Is it already past the mid-year point? I cannot even begin to fathom how quickly the year has unfolded, molding itself into a largely non-linear course of days, weeks, and months--culminating in now. Some days feel infinitely longer than others, while others overlap and converge. Is it the onset of age that makes one forget what one did yesterday? At least it's written in my journal. You see, that's something that I've begun doing on a regular basis just this year--after a handful of years of intermittent journalese and stream-of-consciousness scribbling.
When I reflect back on the six months of time immediately past, a recurring thought is:
How is it to be?
As in a general time frame and, more specifically, mortality--the age-old identifier of getting old. It's not that I fear aging, since it's actually quite the opposite, as I fully embrace it. Age, for me, is merely a number that grows in increments of one per year. But some people mourn the years that are forgotten, the messy lost years.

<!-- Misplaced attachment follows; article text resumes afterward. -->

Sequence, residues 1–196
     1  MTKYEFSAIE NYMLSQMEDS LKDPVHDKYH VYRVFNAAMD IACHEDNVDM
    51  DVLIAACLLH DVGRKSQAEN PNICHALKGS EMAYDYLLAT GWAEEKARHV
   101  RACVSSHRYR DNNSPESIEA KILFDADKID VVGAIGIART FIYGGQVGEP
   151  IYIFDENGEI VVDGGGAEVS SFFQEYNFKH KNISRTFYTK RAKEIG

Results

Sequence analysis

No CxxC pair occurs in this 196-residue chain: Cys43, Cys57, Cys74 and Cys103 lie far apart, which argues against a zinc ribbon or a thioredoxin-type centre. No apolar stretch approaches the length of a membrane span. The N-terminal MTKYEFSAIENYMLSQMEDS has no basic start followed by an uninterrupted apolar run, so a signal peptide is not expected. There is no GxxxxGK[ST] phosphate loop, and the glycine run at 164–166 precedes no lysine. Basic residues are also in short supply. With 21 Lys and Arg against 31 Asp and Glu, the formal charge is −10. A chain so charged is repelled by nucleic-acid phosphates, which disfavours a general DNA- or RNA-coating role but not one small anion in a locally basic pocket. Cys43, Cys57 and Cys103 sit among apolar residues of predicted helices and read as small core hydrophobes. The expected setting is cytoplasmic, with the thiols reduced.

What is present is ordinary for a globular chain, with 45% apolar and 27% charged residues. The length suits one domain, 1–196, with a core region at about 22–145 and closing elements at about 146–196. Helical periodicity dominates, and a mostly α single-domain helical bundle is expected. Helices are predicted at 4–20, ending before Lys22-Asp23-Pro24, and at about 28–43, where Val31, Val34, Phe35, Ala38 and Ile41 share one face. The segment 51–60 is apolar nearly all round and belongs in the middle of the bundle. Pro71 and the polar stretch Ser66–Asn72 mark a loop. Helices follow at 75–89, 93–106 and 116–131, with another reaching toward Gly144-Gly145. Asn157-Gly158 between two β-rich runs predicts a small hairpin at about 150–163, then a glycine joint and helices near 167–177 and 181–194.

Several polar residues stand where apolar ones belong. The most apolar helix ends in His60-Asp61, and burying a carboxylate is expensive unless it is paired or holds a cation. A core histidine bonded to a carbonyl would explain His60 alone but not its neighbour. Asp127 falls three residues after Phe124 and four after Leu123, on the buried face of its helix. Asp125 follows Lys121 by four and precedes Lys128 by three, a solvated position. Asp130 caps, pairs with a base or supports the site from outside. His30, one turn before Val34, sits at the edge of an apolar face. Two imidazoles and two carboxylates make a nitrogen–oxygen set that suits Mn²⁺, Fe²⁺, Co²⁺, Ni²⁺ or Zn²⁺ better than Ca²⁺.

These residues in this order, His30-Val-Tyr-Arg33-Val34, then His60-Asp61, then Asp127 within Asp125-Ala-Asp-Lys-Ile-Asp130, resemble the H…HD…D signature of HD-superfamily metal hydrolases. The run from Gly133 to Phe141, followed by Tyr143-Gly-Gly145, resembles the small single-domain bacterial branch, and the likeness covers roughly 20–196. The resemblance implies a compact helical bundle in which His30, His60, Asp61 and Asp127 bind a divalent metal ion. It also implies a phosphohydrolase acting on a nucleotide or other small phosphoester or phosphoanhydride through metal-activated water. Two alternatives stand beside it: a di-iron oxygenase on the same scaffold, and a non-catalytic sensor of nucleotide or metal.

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A few weeks ago now, I printed out seven copies of my thesis to be bound and submitted for summer 2013 graduation. My husband took the ambient-rich shot below, of five copies, for the other two had yet to be printed. It has taken me a difficult six years to obtain this degree, but I realize that time--so fleeting, so terse--has a strange way of providing lessons; coming full circle.
Taking a peek outdoors, I spy on our hummingbirds, stealth-like and spry, in hopes of one day being ignored rather than spied on. With their daredevil spirit, hummingbirds make up for their diminutive size. If only we were so gallantly protective, graceful, and street smart--all at the same time. However, if hummingbirds were human, I am unsure if I would like them more than I do now.
The future holds infinite possibilities against a darkened sky. I just have to seek them out, push myself to look beyond the deepening horizon, and try. Trying is the most difficult part of it all; at times it is the dooming precursor of frustration more than the origin of inspiration. But it's always the process that is itself, contradictory: while confining one like a canary, the process can allow for a critical learning experience, too. Like journalese and stream-of-consciousness scribbling, attempts at uncovering the unknown are ultimately, undoubtedly worth it--to the bleary eyed and worn, included.